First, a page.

Academics fret as Turnitin nears monopoly on plagiarism checks

Proposed acquisition of Ouriginal would give academic integrity giant vast majority of market

April 29, 2021
People dressed as fictional detective Sherlock Holmes gather in central London on July 19, 2014 illustrating academic detective work, plagiarism
Source: Getty

Turnitin’s proposal to buy out its last major competitor would give it a near monopoly in global academic integrity services, with insiders warning that the deal could reduce product diversity while handing the company a treasure trove of data.

Turnitin’s latest planned acquisition is Ouriginal, a Stockholm-based company formed just last September from the union of European text-matching services Urkund and PlagScan. Turnitin said the deal was “subject to regulatory approvals”.

If approved, the acquisition would be the latest in a long line for the California-based company, which bought the Ukrainian plagiarism detection company Unicheck last June and absorbed Indianapolis-based competitor VeriCite in early 2018. Turnitin also snapped up online proctoring platform ProctorExam in February, assessment platforms Gradescope and ExamSoft in 2018 and 2020, and automated tutoring support company LightSide Labs in 2014.

Canadian business analyst Justin Menard estimated that the purchase of Ouriginal would hand Turnitin some 97 per cent of the plagiarism detection platforms market in Asia, 96 per cent in Africa, 88 per cent in Europe, 86 per cent in Oceania, 83 per cent in the Middle East, 77 per cent in Latin America and 67 per cent in North America.

Tomáš Foltýnek, a semantic analysis expert at Mendel University in the Czech Republic, said the combination of the two services’ databases would improve the coverage of their text-matching capabilities. He said their “usability” would not be diminished as long as the owner did not combine the two tools and discard some of their features.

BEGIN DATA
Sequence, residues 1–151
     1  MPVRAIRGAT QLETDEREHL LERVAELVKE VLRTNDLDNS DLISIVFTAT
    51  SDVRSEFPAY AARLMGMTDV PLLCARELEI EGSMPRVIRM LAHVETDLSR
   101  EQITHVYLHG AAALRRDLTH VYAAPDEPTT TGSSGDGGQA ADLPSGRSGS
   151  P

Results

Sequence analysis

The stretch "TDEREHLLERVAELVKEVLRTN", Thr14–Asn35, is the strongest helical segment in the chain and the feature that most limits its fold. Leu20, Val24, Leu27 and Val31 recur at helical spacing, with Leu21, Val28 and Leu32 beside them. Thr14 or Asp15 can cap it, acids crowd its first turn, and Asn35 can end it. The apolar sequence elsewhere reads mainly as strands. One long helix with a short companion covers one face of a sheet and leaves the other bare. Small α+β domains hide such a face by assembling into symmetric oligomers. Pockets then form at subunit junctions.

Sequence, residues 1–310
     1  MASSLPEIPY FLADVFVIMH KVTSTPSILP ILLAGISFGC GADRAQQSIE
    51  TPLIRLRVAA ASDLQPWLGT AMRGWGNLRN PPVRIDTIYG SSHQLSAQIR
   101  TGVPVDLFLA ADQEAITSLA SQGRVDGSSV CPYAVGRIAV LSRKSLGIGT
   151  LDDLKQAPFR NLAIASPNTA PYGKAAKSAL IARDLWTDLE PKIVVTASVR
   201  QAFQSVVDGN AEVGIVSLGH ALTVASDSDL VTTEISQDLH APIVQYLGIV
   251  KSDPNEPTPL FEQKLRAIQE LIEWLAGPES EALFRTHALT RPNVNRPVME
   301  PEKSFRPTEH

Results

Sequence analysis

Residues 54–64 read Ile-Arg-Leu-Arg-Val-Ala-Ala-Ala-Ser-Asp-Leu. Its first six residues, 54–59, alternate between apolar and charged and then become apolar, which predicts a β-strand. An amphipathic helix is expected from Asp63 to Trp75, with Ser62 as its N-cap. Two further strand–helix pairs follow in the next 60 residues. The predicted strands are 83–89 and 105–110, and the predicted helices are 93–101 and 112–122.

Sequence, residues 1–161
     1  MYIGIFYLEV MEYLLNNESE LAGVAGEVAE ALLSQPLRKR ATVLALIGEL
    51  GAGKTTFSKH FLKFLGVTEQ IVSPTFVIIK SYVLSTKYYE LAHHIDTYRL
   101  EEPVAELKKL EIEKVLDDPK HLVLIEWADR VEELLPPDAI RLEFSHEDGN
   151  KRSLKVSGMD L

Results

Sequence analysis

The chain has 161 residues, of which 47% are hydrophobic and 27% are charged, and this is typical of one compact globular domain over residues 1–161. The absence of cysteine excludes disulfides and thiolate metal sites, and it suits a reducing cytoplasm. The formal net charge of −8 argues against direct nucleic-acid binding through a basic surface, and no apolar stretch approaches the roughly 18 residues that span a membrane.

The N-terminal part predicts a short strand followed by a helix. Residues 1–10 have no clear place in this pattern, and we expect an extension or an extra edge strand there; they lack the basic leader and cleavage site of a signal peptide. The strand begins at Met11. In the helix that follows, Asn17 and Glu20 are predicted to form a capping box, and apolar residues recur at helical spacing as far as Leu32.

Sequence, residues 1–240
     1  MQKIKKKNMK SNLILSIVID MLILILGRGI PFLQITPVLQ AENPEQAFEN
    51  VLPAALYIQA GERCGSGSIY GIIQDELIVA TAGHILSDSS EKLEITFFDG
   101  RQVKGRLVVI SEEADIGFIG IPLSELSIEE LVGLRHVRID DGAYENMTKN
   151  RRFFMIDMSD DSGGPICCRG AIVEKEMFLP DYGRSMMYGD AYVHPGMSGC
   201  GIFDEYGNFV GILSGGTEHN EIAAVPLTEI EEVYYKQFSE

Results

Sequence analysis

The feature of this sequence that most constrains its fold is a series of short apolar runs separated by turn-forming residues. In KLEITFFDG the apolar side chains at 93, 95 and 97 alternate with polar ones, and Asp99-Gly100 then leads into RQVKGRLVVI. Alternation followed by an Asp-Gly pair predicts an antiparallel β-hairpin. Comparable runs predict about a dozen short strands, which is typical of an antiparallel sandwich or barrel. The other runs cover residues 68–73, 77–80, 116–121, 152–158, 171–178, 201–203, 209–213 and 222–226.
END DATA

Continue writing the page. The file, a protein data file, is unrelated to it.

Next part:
But, he continued, the proposal would create a monopoly, which was “never good” for users. “If you don’t have competition, you are not motivated to improve services.”

Dr Foltýnek headed a team that tested 15 web-based text-matching systems in 2018 and 2019, in the biggest study of its kind. Turnitin, Unicheck and Ouriginal’s predecessors were the top-rated systems for coverage and among the top for usability. “Since we published our paper, Turnitin acquired UniCheck, and PlagScan and Urkund merged into one system,” he said.

“So out of the four systems that scored among the best in our study, now we have only two. If they decide to merge, they lose their incentive to improve features like translation plagiarism detection or authorship identification to help detect contract cheating.”

A Turnitin spokeswoman said the products involved in the latest deal would continue to operate independently “until the transaction closes”, but no decisions had been made regarding the “post-closing product road map”. The company was committed to “continually improving our product portfolio”, she added.

Kerr Gardiner, a former head of learning technology at the University of Glasgow who has since worked for Turnitin as an independent consultant, said he had no “particular qualms” about a merger. The Covid pandemic’s impact on university workloads had fuelled sector-wide demand for “integrated assessment systems” that aligned with learning platforms, he said.

“Core university systems such as assessment tools require suppliers to have substantial infrastructure and technical support, and this generally requires a certain size of company,” he said.

Turnitin’s growth has fuelled concerns about the amount of intellectual property it has accumulated in the essays that its software collects and checks, particularly after US media giant Advance Publications bought it for more than $1.7 billion (£1.2 billion) in 2019.